WILLISTON, S.C. —
Dollar General stores across the region let people shop by flashlight, but were only taking cash because they had no way of scanning credit cards. Intersections became risky games of chicken because traffic lights were out and deputies were elsewhere trying to help clear trees and limbs off roads and checking on older people and the sick.
Losing power in a rural area often means losing water, too. Many residents are on wells with pumps that need electricity to operate. Some people had buckets out to catch the melting ice so they could use the water to flush their toilets.
Tedda and Stan Howard were ready to wait a long time to get their power back from Aiken Electric Cooperative. During the day, they cut down broken branches and repaired fences so their goats wouldn't escape from their 56 acres near Williston. At night, they huddle around the propane heater and played chess by candlelight. They had a neighbor who had power and offered them a warm shower.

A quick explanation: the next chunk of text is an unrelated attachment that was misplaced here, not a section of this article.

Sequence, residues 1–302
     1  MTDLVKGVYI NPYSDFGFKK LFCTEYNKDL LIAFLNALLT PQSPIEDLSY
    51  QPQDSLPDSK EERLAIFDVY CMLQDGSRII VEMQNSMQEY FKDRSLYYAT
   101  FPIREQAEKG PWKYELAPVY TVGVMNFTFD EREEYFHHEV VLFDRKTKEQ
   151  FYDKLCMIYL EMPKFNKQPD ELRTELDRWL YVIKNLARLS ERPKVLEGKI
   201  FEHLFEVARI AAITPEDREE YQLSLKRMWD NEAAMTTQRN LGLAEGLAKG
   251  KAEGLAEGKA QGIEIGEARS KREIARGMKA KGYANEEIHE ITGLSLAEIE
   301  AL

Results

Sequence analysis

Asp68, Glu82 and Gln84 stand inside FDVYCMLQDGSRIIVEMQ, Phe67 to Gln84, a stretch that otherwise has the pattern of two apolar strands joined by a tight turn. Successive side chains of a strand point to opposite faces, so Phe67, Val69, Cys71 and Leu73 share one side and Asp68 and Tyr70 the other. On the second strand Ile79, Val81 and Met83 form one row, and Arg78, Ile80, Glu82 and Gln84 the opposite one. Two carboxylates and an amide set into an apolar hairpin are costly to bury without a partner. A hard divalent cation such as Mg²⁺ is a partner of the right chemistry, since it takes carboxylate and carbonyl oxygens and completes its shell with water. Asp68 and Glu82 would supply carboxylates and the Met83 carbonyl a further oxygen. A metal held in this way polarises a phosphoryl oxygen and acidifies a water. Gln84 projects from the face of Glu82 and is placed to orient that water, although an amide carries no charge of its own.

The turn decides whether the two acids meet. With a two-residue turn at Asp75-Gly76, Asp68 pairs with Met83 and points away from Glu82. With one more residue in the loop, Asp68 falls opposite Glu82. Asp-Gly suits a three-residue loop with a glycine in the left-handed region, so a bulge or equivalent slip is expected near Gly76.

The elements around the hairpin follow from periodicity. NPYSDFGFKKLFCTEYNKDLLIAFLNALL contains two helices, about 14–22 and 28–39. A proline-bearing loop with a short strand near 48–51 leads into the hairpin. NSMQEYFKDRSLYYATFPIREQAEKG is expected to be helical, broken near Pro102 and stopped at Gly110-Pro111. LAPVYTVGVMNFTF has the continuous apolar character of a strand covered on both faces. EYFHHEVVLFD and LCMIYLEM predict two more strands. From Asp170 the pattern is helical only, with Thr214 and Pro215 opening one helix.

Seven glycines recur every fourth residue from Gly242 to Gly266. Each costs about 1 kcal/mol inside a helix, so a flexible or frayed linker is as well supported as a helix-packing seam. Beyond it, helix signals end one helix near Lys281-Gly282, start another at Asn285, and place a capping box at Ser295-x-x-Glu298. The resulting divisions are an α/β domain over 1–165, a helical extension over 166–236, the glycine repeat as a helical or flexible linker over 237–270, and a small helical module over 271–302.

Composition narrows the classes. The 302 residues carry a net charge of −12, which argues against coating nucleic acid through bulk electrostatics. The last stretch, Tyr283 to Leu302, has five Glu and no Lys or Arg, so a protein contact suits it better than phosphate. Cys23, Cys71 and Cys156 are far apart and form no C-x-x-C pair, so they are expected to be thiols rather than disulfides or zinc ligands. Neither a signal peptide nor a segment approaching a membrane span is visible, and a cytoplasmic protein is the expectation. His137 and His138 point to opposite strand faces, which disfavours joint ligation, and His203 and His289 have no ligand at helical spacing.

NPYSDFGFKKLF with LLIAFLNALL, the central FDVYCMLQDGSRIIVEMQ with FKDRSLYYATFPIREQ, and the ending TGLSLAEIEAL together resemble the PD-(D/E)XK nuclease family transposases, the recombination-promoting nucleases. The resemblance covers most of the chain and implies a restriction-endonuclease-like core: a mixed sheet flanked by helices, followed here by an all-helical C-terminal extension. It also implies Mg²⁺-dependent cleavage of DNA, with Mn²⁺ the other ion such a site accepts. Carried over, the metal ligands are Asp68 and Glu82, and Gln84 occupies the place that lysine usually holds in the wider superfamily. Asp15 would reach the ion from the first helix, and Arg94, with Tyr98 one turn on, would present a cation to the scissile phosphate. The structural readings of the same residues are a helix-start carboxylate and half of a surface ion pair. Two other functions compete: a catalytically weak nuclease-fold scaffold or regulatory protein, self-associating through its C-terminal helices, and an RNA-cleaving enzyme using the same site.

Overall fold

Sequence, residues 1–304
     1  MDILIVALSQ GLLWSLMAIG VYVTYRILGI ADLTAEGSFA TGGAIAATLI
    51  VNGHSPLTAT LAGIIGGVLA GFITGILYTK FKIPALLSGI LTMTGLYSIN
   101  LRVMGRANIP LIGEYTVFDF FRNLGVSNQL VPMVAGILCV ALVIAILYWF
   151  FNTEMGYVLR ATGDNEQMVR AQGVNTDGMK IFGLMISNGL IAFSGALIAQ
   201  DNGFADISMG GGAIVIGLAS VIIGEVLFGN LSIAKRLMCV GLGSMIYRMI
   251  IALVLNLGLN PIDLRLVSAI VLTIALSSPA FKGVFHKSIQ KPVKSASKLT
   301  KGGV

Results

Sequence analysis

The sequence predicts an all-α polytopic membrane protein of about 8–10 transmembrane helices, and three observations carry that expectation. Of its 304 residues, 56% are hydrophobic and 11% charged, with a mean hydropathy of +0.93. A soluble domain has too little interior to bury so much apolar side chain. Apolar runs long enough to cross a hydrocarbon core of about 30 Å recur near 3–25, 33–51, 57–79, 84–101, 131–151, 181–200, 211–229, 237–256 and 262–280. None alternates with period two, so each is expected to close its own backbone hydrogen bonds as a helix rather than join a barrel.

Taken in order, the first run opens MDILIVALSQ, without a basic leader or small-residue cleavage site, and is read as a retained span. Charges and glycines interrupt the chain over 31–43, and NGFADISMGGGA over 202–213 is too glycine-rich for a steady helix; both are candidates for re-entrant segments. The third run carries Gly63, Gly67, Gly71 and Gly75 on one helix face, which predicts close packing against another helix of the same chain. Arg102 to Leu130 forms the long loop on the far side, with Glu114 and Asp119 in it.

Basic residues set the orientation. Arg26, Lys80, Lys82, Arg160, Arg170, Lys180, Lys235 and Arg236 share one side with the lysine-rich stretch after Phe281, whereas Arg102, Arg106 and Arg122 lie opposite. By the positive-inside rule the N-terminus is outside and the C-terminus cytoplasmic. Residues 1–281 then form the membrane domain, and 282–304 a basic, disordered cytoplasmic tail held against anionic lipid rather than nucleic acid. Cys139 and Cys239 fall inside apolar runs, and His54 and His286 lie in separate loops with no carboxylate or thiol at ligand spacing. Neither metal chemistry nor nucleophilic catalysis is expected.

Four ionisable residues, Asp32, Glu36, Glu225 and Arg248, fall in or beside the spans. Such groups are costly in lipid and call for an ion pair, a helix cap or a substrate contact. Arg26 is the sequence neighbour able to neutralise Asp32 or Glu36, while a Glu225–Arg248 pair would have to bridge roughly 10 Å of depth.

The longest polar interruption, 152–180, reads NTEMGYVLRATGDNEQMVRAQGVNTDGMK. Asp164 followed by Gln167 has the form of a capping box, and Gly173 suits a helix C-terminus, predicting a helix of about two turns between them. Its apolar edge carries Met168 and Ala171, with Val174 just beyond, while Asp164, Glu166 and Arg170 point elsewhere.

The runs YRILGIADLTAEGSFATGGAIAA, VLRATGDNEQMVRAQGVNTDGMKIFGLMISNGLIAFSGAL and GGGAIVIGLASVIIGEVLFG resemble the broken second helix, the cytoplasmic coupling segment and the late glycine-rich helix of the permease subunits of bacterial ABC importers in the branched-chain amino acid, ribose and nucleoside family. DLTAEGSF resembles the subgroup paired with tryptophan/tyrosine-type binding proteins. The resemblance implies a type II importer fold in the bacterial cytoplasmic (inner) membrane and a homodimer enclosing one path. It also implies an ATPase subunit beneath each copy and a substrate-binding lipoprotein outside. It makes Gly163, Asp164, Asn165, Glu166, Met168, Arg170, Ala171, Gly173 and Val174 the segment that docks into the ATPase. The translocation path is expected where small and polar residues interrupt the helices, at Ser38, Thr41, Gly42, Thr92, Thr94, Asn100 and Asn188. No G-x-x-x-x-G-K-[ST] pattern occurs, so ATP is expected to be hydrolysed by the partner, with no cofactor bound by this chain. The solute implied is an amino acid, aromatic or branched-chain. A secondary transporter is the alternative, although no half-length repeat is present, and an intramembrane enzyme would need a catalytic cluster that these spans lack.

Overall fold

"That ought to be enough. Hopefully they'll have it back on by the weekend," Tedda Howard said.
That seemed doubtful. Power lines were sagging to the ground or snapped in more than a dozen places on the two-lane highway by their home.
One coastal South Carolina electric cooperative lost 50 poles in the ice storm, compared to 21 in the last hurricane, officials said.
"With a hurricane, the storm blows through, does its damage and it's gone. An ice storm is like a hurricane followed by a series of mini-hurricanes. You restore power to an area, but then the ice comes back and the same area goes down again," said Bob Paulling, CEO of Mid-Carolina Electric Cooperative in Lexington.
Rural areas were hit the hardest and their geography means it will be much more difficult to get power restored, said Mark Quinn, spokesman for the South Carolina co-ops. In urban areas, one fix of a power line often turns electric back on for thousands of customers.